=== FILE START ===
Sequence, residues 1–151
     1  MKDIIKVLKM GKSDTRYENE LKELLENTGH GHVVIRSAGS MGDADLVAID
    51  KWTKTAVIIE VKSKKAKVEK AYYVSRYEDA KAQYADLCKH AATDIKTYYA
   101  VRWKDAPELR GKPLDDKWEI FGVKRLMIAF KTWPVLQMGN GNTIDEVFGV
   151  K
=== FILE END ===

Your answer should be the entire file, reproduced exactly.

Sequence, residues 1–151
     1  MKDIIKVLKM GKSDTRYENE LKELLENTGH GHVVIRSAGS MGDADLVAID
    51  KWTKTAVIIE VKSKKAKVEK AYYVSRYEDA KAQYADLCKH AATDIKTYYA
   101  VRWKDAPELR GKPLDDKWEI FGVKRLMIAF KTWPVLQMGN GNTIDEVFGV
   151  K